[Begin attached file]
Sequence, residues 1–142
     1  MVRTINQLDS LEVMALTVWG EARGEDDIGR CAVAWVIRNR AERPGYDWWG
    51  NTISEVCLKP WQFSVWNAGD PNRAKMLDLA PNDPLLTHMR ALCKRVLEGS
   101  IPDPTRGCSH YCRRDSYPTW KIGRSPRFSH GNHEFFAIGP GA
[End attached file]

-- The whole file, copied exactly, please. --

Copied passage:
Sequence, residues 1–142
     1  MVRTINQLDS LEVMALTVWG EARGEDDIGR CAVAWVIRNR AERPGYDWWG
    51  NTISEVCLKP WQFSVWNAGD PNRAKMLDLA PNDPLLTHMR ALCKRVLEGS
   101  IPDPTRGCSH YCRRDSYPTW KIGRSPRFSH GNHEFFAIGP GA